Communication is one of the most critical skills to have in any professional setting. I was in a planning session one day when the key speaker mentioned that “Ninety-eight percent of all problems in the world come from miscommunication.” I’ve never been able to validate this statistic, but I also would never argue it, because there is truth to it. We could probably reassess many of our past issues and identify some root factors that came down to ineffective communication, whether it was due to poor listening skills, communication channel ineffectiveness, or over-complication of directions. I got the point.
I thought I would share a true story as to why communication is important, as expressed by one of my daughters who was eight years old at the time. Please note that the names have been changed to protect the identity of those involved.
My daughter was given a note from a little boy named Adam asking her to “go out with him.” The teacher saw the note and asked my daughter about it. She said she thought it came from Adam and that it had just been sitting on her desk. The teacher went to Adam and said, “Did you write this note?” He replied, “No.” She asked Chris, a little boy who sat across from Adam, “Is this note from you?” Chris replied, “No.” Now the teacher was confused. She said to Chris, “You don’t know anything about this note?” Chris said, “I know about it.” Now the teacher was a little annoyed and she said, “But I just asked if you wrote it and you said no.” Chris said, “No, you asked if it was from me and it’s not—it’s from Adam.” So the teacher said, “Adam, I asked if the note was from you and you said no.” Adam said, “No, you asked if I wrote it. My handwriting isn’t very good, so I had Chris write it for me.”
Miscommunication is the root of too many problems. I cringed every six months when I read the communication sections of my performance appraisals. I lost confidence over time with my own communication ability, whether it was written, verbal, interpersonal, small group, or business communications. I struggled managing up, managing down, and simply having effective conversations with peers. I knew I had the skills, but always seemed to struggle. I had difficulty in finding my communication style, and with determining who I wanted to be as a communicator and how I most effectively wanted to communicate. When I lost my confidence in communication, I had difficulty in believing I could ever succeed at my company. I couldn’t identify a true communication style because I lacked the confidence to truly know myself or my capabilities. Let me share a performance appraisal quote relating to my own communication.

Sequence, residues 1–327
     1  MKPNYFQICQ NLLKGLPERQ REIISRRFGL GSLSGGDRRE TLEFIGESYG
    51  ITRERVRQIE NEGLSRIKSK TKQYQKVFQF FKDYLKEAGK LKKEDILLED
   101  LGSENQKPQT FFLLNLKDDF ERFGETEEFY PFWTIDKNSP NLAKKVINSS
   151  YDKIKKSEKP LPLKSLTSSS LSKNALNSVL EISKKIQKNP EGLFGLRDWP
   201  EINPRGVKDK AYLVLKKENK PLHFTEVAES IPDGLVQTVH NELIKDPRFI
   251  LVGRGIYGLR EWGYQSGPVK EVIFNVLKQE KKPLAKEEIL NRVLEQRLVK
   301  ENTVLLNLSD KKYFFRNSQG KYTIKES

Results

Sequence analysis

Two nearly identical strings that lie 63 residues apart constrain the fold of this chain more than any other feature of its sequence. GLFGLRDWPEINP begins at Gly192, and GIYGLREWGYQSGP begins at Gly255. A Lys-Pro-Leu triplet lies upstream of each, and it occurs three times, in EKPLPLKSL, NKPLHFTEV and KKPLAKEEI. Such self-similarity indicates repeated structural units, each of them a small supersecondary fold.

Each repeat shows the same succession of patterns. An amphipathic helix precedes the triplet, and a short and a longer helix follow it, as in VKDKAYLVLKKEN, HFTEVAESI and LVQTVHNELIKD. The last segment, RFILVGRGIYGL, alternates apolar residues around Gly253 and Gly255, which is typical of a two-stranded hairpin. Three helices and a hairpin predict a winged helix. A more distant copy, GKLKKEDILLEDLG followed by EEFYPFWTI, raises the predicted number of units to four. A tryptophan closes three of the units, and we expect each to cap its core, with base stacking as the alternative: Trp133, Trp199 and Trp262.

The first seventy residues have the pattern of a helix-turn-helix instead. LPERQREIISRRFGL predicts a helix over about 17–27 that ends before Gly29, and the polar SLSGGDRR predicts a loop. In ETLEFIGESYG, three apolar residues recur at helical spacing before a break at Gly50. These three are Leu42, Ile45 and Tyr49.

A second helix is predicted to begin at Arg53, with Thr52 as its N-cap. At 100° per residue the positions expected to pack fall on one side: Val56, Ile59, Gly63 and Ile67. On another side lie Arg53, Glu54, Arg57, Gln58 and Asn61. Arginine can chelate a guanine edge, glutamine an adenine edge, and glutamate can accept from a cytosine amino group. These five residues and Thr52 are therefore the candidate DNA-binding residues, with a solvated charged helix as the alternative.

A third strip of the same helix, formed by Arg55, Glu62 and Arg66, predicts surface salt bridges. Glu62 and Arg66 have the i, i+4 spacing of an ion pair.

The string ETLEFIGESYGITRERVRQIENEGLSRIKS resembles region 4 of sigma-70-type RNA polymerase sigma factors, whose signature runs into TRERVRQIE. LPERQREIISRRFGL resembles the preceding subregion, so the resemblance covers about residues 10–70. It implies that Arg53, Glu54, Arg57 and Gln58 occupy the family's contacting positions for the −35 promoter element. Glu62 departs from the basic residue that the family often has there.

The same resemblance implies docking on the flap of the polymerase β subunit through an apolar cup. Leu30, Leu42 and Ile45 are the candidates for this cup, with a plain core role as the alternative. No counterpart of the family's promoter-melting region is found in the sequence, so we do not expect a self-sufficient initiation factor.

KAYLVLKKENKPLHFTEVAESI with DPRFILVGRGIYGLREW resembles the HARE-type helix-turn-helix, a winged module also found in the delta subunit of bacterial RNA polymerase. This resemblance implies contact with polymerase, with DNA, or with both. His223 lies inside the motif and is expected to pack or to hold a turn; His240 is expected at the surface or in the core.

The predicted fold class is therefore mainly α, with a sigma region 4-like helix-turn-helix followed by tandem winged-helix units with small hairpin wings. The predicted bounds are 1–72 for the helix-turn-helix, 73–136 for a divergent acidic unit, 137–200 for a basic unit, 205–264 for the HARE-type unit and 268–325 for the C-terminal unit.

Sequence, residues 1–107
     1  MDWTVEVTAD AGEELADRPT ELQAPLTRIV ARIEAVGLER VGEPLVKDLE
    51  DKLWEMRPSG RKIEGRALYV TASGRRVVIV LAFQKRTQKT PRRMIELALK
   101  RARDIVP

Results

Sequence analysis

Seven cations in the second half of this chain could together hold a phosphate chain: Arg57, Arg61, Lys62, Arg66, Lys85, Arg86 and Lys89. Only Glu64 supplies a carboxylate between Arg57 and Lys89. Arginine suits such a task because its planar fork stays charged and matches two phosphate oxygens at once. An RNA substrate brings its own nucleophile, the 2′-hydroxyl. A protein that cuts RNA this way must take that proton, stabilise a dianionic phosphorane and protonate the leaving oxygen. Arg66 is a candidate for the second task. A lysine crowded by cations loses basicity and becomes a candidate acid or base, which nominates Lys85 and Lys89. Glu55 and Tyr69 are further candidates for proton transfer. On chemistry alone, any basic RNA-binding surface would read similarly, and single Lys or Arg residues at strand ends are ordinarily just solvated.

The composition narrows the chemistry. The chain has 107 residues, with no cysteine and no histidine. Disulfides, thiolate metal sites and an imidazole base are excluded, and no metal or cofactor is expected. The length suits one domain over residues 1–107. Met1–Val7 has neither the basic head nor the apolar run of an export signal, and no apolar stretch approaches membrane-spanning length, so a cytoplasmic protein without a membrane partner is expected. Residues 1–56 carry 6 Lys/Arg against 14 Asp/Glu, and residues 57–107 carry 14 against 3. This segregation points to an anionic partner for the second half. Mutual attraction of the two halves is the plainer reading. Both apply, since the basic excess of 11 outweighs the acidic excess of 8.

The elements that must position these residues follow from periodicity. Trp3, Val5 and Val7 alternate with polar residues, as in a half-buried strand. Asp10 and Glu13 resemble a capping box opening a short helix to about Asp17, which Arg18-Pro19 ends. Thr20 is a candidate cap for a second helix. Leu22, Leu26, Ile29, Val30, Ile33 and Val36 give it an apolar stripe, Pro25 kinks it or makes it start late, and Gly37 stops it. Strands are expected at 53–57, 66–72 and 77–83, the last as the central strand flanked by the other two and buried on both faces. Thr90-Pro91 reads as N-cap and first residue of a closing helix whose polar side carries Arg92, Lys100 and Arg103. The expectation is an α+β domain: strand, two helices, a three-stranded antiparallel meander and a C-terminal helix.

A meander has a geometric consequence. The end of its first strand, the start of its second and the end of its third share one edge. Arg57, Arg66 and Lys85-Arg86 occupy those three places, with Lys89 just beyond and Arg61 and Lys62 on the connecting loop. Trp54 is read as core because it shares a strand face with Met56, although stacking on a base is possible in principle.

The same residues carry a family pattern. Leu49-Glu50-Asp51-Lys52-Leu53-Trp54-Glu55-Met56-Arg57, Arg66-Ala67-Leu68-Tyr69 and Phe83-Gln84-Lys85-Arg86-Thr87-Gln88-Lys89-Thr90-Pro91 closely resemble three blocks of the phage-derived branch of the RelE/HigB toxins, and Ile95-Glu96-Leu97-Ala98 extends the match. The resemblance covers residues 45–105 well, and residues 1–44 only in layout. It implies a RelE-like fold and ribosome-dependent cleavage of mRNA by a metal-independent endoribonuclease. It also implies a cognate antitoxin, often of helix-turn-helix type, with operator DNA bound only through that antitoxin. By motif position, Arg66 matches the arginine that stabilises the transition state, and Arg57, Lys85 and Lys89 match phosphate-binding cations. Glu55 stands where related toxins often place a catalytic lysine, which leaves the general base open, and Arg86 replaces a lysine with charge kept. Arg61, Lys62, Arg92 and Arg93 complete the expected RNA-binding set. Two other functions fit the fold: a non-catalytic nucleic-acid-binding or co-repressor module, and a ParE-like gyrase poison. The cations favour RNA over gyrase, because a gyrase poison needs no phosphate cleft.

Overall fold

“Tom needs to be more concise with his communication style. He needs to ensure that he understands his audience and his ability to adapt based on who he is interacting with.”
I did not adapt my communication style regardless of whether I was talking to a peer in the hall or whether I was communicating with senior management. I had significant opportunities to also be more clear and concise. I could have provided an executive higher-level overview, as opposed to stuffing every little detail into a presentation, including speaking notes directly in the main bullets on the slides. I now ask the following questions of myself ahead of time, “Who is the audience?,” “What is the intended outcome of the meeting?,” and “How much information do I think they will need?” These questions allow me to understand how much information to have on hand and what kind of preparation will be needed. For example, will I need to be surrounded by numbers and statistics, or will the audience trust the numbers on the page and want a directional recommendation? When asked questions, will the audience want a high-level overview or a detailed storyline? I found that the feedback wasn’t specific to making my responses shorter, the feedback was directed to having me be clear and succinct based on what a particular audience wanted. My ability to adapt to the audience’s needs won over many critics as I improved.
In another evaluation, it was recommended that I, “Ask questions to ensure a full understanding.”